I was 19 when I found out I was pregnant. I went through my pregnancy wearing rose-colored glasses. I had never been around babies or young children growing up, so I was virtually clueless about what my future held.
“My abortion gave me the opportunity to ensure a better future for the child I already have.”
I love my son. He is my world. However, the situation in which I had him was not ideal.
I had moved back in with my parents before I was pregnant in order to save money. Unfortunately, because my pregnancy was so rough on my body, I had quit my job a month before giving birth. I soon realized that there was no way I could afford to pay for childcare so that I could go back to work. My choices were slim.
While I was trying to figure out a way to financially support myself and my son, his father was developing a severe opiate addiction. My life was an endless battle of trying to escape a hole that continued to get deeper. I was so convinced that I was supposed to be a perfect mother, I failed to realize the severe depression I was suffering from. I was afraid of being alone and becoming a stereotype that I subjected myself to a life much harder than it would have been had I not gotten pregnant.
When I found out I was pregnant again at 21, I was a mess of emotions. Part of me was excited because I knew that I enjoyed being a mother and that I could offer so much love for another child. The other side of me was weary. It was only a couple months before that I was finally able to admit my depression and seek help for it. I had a new job and I was finally starting to save money so I could get an apartment for my son and I. My boyfriend had only been clean for a couple months and we were finally working on rebuilding our relationship. I didn’t want to feel the disappointment and negativity that would inevitably come from everyone because I was pregnant again.
I battled with myself over the decision of whether to keep the pregnancy or not. I grew up in a very religious family, and it had been ingrained in me how wrong abortion was. Despite being pro-choice myself, I couldn’t help but remember the strong beliefs of my family. My mother would cry when she heard about abortion in the news, my grandmother frequently sat across the street from Planned Parenthood and prayed the rosary, and I constantly saw pamphlets from church about ending abortion. I worried they would hate me if they knew what I wanted.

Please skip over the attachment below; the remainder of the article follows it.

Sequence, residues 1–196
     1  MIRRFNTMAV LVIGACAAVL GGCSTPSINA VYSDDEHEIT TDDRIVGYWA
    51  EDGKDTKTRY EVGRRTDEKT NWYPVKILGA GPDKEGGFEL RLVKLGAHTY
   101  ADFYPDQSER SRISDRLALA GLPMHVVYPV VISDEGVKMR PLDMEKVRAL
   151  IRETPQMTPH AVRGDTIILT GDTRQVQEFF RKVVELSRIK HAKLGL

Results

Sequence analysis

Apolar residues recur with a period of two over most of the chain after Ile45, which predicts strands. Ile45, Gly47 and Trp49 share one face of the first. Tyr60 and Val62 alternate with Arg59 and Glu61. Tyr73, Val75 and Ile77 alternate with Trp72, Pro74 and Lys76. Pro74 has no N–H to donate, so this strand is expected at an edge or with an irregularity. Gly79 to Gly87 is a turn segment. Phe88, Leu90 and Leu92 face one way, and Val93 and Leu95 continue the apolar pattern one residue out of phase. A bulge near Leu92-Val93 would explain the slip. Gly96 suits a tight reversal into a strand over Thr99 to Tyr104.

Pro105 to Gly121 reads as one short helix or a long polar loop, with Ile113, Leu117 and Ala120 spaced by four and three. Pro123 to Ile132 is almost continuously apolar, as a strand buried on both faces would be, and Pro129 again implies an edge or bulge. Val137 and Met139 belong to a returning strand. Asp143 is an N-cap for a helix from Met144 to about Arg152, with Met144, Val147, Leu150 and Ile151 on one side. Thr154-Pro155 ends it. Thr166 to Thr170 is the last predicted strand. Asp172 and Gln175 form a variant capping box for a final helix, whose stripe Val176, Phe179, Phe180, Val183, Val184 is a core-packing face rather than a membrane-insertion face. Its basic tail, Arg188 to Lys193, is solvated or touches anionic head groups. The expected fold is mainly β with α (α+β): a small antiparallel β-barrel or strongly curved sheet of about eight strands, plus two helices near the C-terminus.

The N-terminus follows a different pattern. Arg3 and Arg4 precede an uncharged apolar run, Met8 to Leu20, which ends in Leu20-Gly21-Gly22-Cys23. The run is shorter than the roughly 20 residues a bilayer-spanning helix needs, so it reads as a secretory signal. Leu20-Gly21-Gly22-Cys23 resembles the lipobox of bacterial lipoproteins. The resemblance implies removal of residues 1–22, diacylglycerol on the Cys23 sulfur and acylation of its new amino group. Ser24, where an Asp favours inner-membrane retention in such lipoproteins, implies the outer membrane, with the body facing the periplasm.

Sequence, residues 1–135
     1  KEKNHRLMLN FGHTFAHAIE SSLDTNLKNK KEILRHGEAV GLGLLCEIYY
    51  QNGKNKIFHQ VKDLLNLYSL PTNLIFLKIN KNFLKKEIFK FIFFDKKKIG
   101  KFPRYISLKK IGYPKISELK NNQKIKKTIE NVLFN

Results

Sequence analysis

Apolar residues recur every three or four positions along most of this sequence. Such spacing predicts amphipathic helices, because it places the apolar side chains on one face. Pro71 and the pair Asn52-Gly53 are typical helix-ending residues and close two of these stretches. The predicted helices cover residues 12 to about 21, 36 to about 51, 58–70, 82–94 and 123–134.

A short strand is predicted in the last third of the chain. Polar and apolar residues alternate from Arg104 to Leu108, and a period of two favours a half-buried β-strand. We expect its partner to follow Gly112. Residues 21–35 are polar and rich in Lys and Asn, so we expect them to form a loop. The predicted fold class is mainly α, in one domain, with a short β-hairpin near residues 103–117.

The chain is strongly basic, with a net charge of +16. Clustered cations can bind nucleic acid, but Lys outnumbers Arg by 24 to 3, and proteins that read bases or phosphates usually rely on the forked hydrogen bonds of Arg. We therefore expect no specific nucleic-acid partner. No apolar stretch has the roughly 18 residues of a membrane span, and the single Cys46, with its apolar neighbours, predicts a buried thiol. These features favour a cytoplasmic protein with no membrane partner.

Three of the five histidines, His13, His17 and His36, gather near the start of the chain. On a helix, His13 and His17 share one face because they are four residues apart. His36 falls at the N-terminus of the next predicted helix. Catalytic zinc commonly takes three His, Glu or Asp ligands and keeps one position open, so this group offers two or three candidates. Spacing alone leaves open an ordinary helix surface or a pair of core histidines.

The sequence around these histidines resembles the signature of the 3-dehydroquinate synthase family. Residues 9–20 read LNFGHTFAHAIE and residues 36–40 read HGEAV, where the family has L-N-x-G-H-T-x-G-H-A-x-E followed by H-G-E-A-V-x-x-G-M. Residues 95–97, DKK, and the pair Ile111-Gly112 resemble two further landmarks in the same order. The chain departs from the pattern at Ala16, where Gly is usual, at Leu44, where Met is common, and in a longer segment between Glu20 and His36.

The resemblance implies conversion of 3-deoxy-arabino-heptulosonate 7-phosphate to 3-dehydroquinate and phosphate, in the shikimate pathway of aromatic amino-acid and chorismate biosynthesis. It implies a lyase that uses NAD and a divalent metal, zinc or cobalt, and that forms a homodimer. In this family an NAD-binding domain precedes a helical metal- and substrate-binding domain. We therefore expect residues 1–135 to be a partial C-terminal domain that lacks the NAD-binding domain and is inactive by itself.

Ultimately, I made the decision to end my pregnancy. And despite my initial desire to keep the baby, I know I made the right choice. I knew it while I waited in Planned Parenthood among other women who had came to the same decision. I knew while my doctors spoke softly and encouragingly through my procedure. I know it now when I look at the future I am creating for myself and my son. I do not know if I will have more children or not, but I know if I do, it will be when I can give them the life they deserve and a mother who can give her all.
No one should be pressured into having a child for any reason. My abortion gave me the opportunity to ensure a better future for the child I already have. I will never know what would have happened if I had not had the option to choose, but no one should have that choice taken from them. I should not be considered lucky that I had the option to go to Planned Parenthood when I needed it. This should be the standard for all women everywhere.
Thank you to the attendants that walked me from my car to the clinic. Thank you to the nurses that spoke to me as a human being, not a pariah. Thank you to the doctor that happily explained each step of the procedure to me and gave me her hand in comfort. And most of all, thank you to all of the women who fought and continue to fight so that I can have control over my reproductive rights.